Physician Respect for Patients with Obesity
Mary Margaret Huizinga, MD, MPH
, Lisa A. Cooper, MD, MPH
, Sara N. Bleich, PhD
Jeanne M. Clark, MD, MPH
, and Mary Catherine Beach, MD, MPH
Division of General Internal Medicine, Department of Medicine, Johns Hopkins University School of Medicine, Baltimore, MD, USA;
Health Policy and Management, Johns Hopkins Bloomberg School of Public Health, Baltimore, MD, USA;
Welch Center for Prevention,
Epidemiology, and Clinical Research, Johns Hopkins Medical Institutions, Baltimore, MD, USA;
Department of Epidemiology, Johns Hopkins
Bloomberg School of Public Health, Baltimore, MD, USA.
INTRODUCTION: Obesity stigma is common in our
society, and a general stigma towards obesity has also
been documented in physicians. We hypothesized that
physician respect for patients would be lower in
patients with higher body mass index (BMI).
METHODS: We analyzed data from the baseline visit of 40
physicians and 238 patients enrolled in a randomized
controlled trial of patient-physician communication. The
independent variable was BMI, and the outcome was
physician respect for the patient. We performed Poisson
regression analyses with robust variance estimates,
accounting for clustering of patients within physicians,
to examine the association between BMI and physician
ratings of respect for particular patients.
RESULTS: The mean (SD) BMI of the patients was 32.9
. Physicians had low respect for 39% of the
participants. Higher BMI was significantly and nega-
tively associated with respect [prevalence ratio (PrR)
0.83, 95% CI: 0.73–0.95; p=0.006; per 10 kg/m
increase in BMI]. BMI remained significantly associated
with respect after adjustment for patient age and
gender (PrR 0.86, 95%CI: 0.74–1.00; p=0.049).
CONCLUSION: We found that higher patient BMI was
associated with lower physician respect. Further research
is needed to understand if lower physician respect for
patients with higher BMI adversely affects the quality of
KEY WORDS: obesity stigma; physician respect and body mass index.
J Gen Intern Med 24(11):1236–9
© Society of General Internal Medicine 2009
tigma against persons with obesity is pervasive in our
Persons with obesity earn less money, face
discrimination from individuals and institutions, and experi-
ence insults on a frequent basis.
Obesity stigma is harmful
and has been associated with low self-esteem, depression and
Despite the increasing commonness of
obesity, obesity stigma is increasing even as other disparities
are decreasing or have remained unchanged.
the highest levels of obesity are more likely to experience
Negative bias towards persons with obesity has been well
documented in health-care providers, including physicians, for
the last 40 years.
In a survey of physicians, obesity was
identified as a characteristic that elicited negative feelings,
and other studies have found that physicians associate
negative terms, such as ignorant, lazy and incompetent, with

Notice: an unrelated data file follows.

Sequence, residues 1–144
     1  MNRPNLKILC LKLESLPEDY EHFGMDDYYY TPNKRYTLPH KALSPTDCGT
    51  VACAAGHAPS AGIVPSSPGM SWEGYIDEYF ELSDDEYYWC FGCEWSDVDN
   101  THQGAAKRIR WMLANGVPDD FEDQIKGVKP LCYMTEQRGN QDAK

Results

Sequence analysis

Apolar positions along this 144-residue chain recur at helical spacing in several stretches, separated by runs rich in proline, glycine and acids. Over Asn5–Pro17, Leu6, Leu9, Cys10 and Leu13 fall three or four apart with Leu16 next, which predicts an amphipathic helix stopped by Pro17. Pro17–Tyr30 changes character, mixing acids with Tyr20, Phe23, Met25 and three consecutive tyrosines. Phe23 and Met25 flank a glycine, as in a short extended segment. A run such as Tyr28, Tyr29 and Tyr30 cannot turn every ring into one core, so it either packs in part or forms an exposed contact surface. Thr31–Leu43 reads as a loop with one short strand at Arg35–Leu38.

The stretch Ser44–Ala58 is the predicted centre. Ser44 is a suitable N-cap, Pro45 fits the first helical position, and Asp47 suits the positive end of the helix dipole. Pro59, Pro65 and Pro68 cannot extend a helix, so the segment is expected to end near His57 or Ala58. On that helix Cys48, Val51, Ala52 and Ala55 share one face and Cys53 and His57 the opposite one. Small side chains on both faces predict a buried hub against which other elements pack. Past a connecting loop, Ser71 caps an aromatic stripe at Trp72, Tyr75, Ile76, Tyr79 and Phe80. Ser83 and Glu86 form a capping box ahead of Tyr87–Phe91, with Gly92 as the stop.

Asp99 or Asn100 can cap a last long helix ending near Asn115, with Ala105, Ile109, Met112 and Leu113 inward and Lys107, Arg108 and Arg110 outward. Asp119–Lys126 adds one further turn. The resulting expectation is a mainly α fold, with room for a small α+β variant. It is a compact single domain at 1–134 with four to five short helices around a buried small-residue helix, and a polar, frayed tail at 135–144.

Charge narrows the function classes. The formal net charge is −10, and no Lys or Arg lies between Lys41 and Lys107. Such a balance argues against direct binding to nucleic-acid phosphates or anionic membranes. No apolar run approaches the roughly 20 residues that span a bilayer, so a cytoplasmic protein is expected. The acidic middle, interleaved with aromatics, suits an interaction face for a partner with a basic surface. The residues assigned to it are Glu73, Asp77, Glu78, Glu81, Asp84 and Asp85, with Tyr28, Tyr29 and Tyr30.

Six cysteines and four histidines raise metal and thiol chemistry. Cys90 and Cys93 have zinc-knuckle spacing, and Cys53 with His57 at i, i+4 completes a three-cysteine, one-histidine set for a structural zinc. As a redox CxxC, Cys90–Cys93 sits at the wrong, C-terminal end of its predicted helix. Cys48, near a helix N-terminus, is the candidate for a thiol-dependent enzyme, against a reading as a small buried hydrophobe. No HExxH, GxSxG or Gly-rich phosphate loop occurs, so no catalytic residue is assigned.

In addition, physicians have reported ambivalence
towards the treatment of obesity.
However, none of these
studies have documented physician attitudes towards specific
patients with obesity. Several studies have documented
health-care avoidance in patients with obesity, and in some
studies, participants cited individual and institutional biases
as the reason for avoidance.
There is also evidence that
obesity is associated with decreased preventive services,
especially cancer screenings.
Few studies have studied
physicians’ attitudes and beliefs towards specific patients,
especially with regards to the patient’s weight.
Respect for all patients, which involves positive regard, is a
core component of professionalism in medicine.
who have more respectful attitudes towards patients share
more medical information and have greater positive affect
during encounters compared to patients for whom they have
In a study of obese females, participants
indicated a desire for a respectful relationship with their
physician and would avoid health-care visits if such a
relationship did not exist.
While a general bias towards
obesity has been documented in the literature, little is known
about the respect a physician has for a patient with obesity
and how that may impact the patient’s care. In this study, we
examine the relationship between physician respect and
patient obesity. We hypothesized that physicians would have
low respect for patients as body mass index (BMI) increased.
Study Design and Setting
Data for this study were obtained from the baseline visit of the
Patient-Physician Partnership Study, a randomized controlled
trial of physician and provider interventions to improve
Forty physicians and
238 of their patients with height, weight and measure of
physician respect available were included in this analysis.
Physicians were recruited from 14 urban community practices
Received March 16, 2009
Revised July 28, 2009
Accepted August 18, 2009
Published online September 18, 2009